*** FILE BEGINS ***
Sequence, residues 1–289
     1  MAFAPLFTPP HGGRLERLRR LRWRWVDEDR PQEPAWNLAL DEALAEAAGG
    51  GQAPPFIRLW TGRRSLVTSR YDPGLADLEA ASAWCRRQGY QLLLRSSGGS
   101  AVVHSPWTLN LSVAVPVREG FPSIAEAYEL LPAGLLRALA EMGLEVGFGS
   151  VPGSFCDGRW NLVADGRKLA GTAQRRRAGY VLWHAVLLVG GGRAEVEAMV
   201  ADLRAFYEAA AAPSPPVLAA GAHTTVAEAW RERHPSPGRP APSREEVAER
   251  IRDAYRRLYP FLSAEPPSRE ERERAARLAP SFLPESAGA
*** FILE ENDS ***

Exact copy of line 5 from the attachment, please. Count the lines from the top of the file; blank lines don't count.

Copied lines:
   151  VPGSFCDGRW NLVADGRKLA GTAQRRRAGY VLWHAVLLVG GGRAEVEAMV